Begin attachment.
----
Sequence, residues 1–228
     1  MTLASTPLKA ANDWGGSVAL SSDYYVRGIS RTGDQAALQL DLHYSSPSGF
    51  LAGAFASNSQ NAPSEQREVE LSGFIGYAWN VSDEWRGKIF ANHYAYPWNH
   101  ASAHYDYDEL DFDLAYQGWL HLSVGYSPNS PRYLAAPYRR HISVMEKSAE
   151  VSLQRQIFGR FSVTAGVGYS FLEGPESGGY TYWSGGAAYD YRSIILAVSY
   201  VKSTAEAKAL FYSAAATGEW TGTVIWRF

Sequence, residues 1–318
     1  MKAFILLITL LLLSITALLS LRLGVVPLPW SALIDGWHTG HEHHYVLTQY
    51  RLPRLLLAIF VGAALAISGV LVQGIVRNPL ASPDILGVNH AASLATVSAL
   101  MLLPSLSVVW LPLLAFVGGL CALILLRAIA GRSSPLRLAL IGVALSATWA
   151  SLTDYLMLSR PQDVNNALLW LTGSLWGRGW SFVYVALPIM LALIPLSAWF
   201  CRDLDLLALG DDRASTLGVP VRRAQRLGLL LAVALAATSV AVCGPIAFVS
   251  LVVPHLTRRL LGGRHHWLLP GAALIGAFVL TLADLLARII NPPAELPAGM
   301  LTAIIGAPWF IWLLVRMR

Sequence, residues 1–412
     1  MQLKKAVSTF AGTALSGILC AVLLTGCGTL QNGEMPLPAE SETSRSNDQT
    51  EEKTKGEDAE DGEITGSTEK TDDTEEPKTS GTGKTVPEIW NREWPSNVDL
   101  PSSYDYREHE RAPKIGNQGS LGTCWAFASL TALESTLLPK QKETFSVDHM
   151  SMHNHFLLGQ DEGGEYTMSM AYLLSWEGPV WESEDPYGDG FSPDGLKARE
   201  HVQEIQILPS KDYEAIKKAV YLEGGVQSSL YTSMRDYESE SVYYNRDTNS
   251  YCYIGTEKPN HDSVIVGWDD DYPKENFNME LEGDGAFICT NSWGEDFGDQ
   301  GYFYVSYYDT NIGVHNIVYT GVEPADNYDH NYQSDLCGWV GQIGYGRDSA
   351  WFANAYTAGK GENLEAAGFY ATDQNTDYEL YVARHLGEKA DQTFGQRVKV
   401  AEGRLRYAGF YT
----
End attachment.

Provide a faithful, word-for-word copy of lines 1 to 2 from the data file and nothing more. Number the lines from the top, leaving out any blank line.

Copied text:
Sequence, residues 1–228
     1  MTLASTPLKA ANDWGGSVAL SSDYYVRGIS RTGDQAALQL DLHYSSPSGF